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Saturday, July 2, 2022

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Holding on to hope when death haunted every breath

Published Oct 30, 2021


CAPE TOWN - Many books and accounts have been written about the Holocaust, but for every book that has been written we need more.

Because for every atrocity and genocide that has taken ever place we need to say: “Lest we forget”. We need to remind and jog memories.

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Eddie Jaku, at the age of 100, has documented his experiences of surviving the Nazi Holocaust. His book may be harrowing for the most part but is also so heart-warming – demonstrating man’s remarkable resilience and, in his case, the incredible gift of remaining positive and grateful despite the indelible scars he still bears.

Jaku always considered himself a German first and then a Jew. He grew up in Leipzig, a cultural town, where Germans of all creeds and beliefs mingled, enjoyed concerts, theatre and walks in the beautiful parks and boulevards.

He graduated from high school in 1933 but, due to attend a school in town, he was barred when history had other plans for him as Hitler ascended to power.

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Under a false name, he was enrolled at a mechanical engineering college out of town, where an isolated few years led him to acquire an apprenticeship.

His loneliness and the unbearable yearning for his family, however, could not prepare him for what was to come.

In 1938, as a graduate and working in a smaller town, he decided to pay his parents a visit in Leipzig. He had not heard much news as he laboured away but the growing cloud of anti-Semitism was becoming darker and darker.

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He made the terrible mistake and life-changing decision of surprising his parents by celebrating their 20th anniversary. The family home stood empty – everybody was gone, save Lulu their pet Dachshund.

The same night 10 German soldiers stormed into the house.

The same night 10 soldiers stormed into the house. They killed the dog, beat Jaku and took him to Buchenwald concentration camp – the start of seven years of almost unbearable evil and depravity at the hands of SS guards.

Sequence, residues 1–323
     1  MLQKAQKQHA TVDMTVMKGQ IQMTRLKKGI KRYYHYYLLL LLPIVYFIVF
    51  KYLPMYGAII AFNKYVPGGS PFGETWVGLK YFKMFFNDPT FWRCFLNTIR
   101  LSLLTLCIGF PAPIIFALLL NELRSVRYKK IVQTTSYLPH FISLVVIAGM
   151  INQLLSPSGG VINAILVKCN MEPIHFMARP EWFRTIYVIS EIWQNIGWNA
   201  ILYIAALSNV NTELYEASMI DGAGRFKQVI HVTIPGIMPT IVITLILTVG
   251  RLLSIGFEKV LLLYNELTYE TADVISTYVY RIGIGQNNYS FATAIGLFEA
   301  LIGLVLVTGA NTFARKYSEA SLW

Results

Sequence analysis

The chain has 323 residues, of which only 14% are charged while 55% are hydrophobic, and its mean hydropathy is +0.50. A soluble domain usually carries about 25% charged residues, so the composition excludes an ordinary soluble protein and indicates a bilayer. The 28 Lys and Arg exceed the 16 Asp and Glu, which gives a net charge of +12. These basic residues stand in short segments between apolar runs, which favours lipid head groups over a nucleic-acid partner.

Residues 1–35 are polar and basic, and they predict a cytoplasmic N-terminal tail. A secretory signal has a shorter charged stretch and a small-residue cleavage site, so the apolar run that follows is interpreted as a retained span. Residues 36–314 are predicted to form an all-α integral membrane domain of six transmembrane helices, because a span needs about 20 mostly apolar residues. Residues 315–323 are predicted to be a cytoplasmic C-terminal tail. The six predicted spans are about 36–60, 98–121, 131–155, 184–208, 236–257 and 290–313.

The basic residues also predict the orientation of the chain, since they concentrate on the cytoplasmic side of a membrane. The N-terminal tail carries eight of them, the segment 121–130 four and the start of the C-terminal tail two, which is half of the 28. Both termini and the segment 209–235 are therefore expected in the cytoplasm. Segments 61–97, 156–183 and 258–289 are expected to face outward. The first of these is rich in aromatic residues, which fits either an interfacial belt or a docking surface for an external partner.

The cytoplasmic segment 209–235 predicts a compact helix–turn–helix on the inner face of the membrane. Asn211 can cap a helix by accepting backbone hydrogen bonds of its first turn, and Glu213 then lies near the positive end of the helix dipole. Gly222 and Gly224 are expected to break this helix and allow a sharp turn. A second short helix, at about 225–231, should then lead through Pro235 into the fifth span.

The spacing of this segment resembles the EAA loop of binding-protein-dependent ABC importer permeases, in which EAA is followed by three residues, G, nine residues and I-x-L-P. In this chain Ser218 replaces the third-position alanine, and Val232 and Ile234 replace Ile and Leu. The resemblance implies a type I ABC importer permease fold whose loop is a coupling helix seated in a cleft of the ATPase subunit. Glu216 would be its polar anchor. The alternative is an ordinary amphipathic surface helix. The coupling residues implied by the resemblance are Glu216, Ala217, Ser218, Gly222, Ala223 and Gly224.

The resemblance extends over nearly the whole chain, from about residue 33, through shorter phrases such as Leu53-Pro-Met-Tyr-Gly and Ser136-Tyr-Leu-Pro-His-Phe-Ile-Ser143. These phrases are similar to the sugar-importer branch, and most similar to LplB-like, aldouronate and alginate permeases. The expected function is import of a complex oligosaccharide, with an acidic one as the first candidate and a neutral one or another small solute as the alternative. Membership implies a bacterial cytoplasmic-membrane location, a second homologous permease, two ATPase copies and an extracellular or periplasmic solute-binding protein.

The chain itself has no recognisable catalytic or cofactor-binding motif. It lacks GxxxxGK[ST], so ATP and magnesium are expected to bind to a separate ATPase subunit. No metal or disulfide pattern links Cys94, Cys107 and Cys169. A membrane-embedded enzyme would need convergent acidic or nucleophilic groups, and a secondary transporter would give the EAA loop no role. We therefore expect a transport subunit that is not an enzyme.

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He was saved because of a skill he had that separated him – one of a very few – from the gas chambers or of being shot and killed... He had studied machine-making and became a valuable asset as his skills could be used to make and maintain equipment in the camps.

Despite his unique skills, he was still tortured, starved and underwent indescribable hardship.

When he managed to escape the horrors of Auschwitz where he had later been moved to and the Allied forces liberated Europe; he weighed 28kg.

His hunger and suffering took years to heal – tormented and haunted – his scars were as indelible to remove as the tattoo that was carved on his forearm with his concentration camp number.

Jaku got a job in Belgium but, as he writes, he found it difficult to remain in Europe after all that happened to him, even after marrying a Sephardic Jewess called Flore, he was traumatised.

The birth of his first son somehow allowed him to see things differently – that there was hope and new beginnings that could give slightly softer edges to the unimaginable ordeals he had survived.

Hence the title of the book, The Happiest Man on Earth ... With the help of the Jewish Joint Distribution Committee, he and his family moved to Sydney, Australia and the family grew and so did his happiness and prosperity in different successful business ventures.

He and his wife only stopped working in their 90s.

Written in a simple style where it is largely the stated facts that tell the story, Jaku’s story is a remarkable one.

Suffering, untold horrors and escape within a hair’s breadth of death, Jaku signifies how important it is to always see the light (however dim and elusive) at the end of the tunnel – “if you can imagine another day you can imagine life”.

The Happiest Man on Earth - The Beautiful Life of an Auschwitz Survivor by Eddie Jaku is available on (R321)

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